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Why Seniors Make the Best Volunteers

Kimberley Fowler
By Kimberley FowlerApril 6, 2016

The rate of volunteerism amongst Canadians is staggering. Six in ten Canadians volunteer at some point in their lives and volunteer activities equate to one million full-time jobs each year, Statistics Canada reports.

Seniors Make the Best Volunteers

Senior volunteers in particular give more hours than any other demographic group. According to Statistics Canada, “on average, volunteers aged 65-74 devoted the most hours, at 231 hours annually,” while adults aged 55-64 donated 203 hours a year and those 75 years and older volunteered 196 hours a year.

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This trend isn’t surprising, considering that seniors who are retired have more free time to give than any other demographic, and studies show that volunteering benefits seniors just as much as the organization to whom they so generously give their time.

Seniors who volunteer regularly:

  • Experience mental health benefits including lower rates of depression
  • Report symptoms of psychological wellness, including greater satisfaction in life and increased instances of stress resilience
  • Reduce their risk of Alzheimer’s disease and dementia
  • Are less isolated and more connected to their communities
  • Feel a sense of accomplishment, purpose and well-being
  • Are more physically active
  • Are able to work with and learn from younger generations
  • Demonstrate that seniors are active, involved and essential to the Canadian communities in which they live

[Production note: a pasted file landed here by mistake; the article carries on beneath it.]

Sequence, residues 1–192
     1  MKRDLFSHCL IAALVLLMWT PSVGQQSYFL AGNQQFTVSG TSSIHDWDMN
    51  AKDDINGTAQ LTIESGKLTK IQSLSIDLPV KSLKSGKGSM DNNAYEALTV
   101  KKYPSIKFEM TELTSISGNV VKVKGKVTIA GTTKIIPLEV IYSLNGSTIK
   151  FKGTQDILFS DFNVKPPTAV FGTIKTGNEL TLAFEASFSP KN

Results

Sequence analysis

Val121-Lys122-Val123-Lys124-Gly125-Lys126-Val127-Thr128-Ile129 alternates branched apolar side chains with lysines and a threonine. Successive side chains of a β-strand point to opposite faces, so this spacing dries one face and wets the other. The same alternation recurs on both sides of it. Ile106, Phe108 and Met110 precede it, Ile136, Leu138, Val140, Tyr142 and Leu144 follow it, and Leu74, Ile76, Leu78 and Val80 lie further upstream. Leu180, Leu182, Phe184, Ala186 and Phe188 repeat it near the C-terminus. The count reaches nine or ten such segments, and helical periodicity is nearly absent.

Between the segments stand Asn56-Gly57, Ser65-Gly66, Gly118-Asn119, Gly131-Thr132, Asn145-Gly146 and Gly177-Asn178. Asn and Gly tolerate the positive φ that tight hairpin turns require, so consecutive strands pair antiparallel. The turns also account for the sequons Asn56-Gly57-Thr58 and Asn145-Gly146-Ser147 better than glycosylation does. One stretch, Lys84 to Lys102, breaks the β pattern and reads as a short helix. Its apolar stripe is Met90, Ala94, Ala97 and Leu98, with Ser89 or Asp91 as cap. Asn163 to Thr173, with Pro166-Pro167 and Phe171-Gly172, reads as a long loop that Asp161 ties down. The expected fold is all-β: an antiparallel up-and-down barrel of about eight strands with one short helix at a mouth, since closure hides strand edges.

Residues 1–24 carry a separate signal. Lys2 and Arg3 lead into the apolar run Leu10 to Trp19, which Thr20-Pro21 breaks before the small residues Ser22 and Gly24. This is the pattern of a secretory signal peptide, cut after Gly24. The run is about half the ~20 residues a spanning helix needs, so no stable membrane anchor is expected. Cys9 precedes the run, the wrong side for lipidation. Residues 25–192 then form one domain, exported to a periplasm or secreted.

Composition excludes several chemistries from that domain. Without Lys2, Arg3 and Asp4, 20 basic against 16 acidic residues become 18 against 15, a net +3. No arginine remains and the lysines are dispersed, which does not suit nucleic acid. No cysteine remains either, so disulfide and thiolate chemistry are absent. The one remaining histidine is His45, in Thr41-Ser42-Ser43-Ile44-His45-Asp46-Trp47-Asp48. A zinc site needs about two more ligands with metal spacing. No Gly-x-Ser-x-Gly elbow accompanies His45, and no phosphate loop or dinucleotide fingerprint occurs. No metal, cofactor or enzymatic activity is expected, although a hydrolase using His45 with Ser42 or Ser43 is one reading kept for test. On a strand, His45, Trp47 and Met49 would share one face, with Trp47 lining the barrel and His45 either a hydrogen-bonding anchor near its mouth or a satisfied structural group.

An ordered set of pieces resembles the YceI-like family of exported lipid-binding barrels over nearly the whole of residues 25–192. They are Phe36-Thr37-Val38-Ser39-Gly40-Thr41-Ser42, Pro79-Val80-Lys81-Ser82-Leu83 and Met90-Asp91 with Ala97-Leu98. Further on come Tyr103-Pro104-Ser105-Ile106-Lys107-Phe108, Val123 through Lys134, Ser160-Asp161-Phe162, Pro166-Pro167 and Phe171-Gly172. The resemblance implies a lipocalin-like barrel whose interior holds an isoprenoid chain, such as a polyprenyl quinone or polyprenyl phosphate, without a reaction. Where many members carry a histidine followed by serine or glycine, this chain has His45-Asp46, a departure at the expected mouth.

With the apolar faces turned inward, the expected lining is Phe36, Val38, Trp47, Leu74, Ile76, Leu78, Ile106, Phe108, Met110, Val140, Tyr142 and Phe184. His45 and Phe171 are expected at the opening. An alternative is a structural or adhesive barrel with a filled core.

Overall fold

Despite the benefits to seniors who volunteer and the hundreds of volunteer hours that each senior gives on average each year, only 27% of all seniors in Canada are volunteers.

Health issues, low income and a lack of transportation are a few of the barriers stopping some seniors from getting involved.

National Volunteer Week

Still, the fact is that seniors who are able to volunteer are making a huge impact in our communities.

Organizations and nonprofit groups like the Hamilton Naturalists’ Club simply couldn’t exist without the commitment and passion of their senior volunteers. Over 200 seniors in the Hamilton, Ontario area help the club manage their nature sanctuaries, run education programs for youth, and protect endangered wildlife through volunteer initiatives like “Falcon Watch” and annual bird counts.

The Hamilton Naturalists’ Club is just one of thousands of organizations across the country who rely heavily on senior volunteers. Others include:

  • Hospitals
  • Retirement communities
  • Hospices
  • Schools
  • Libraries
  • Community centers
  • Charities
  • Churches and religious organizations
  • Homeless shelters and soup kitchens
  • Animal shelters and sanctuaries
  • Cultural organizations including art centers, galleries and museums

Next week, April 10—16, 2016 is National Volunteer Week.

Make sure to thank the senior volunteers in your neighbourhood who help make our communities a great place to live.

If you know a senior who is isolated, lonely or depressed consider reaching out to them about the benefits of volunteering. Perhaps you can make a difference by providing them with the support they need to get out and get involved in the community. The work they do could change their life, and someone else’s, for the better.

How do you celebrate or thank senior volunteers? Share your stories and suggestions with us in the comments below.

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Kimberley Fowler
Kimberley Fowler
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